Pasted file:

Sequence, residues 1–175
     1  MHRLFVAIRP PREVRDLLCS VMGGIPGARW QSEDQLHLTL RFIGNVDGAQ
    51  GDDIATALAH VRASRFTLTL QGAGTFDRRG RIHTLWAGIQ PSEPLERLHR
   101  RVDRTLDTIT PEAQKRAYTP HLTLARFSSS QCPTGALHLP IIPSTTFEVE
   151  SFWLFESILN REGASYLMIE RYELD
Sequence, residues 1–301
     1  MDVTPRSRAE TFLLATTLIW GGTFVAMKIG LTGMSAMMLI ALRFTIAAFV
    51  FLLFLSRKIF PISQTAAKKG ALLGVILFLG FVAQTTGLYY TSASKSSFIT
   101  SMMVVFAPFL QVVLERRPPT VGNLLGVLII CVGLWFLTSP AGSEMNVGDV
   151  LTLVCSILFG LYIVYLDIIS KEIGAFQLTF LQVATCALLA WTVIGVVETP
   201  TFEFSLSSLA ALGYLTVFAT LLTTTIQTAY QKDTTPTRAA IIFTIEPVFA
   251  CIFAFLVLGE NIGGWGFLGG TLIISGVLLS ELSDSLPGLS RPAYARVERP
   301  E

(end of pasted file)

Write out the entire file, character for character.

Sequence, residues 1–175
     1  MHRLFVAIRP PREVRDLLCS VMGGIPGARW QSEDQLHLTL RFIGNVDGAQ
    51  GDDIATALAH VRASRFTLTL QGAGTFDRRG RIHTLWAGIQ PSEPLERLHR
   101  RVDRTLDTIT PEAQKRAYTP HLTLARFSSS QCPTGALHLP IIPSTTFEVE
   151  SFWLFESILN REGASYLMIE RYELD
Sequence, residues 1–301
     1  MDVTPRSRAE TFLLATTLIW GGTFVAMKIG LTGMSAMMLI ALRFTIAAFV
    51  FLLFLSRKIF PISQTAAKKG ALLGVILFLG FVAQTTGLYY TSASKSSFIT
   101  SMMVVFAPFL QVVLERRPPT VGNLLGVLII CVGLWFLTSP AGSEMNVGDV
   151  LTLVCSILFG LYIVYLDIIS KEIGAFQLTF LQVATCALLA WTVIGVVETP
   201  TFEFSLSSLA ALGYLTVFAT LLTTTIQTAY QKDTTPTRAA IIFTIEPVFA
   251  CIFAFLVLGE NIGGWGFLGG TLIISGVLLS ELSDSLPGLS RPAYARVERP
   301  E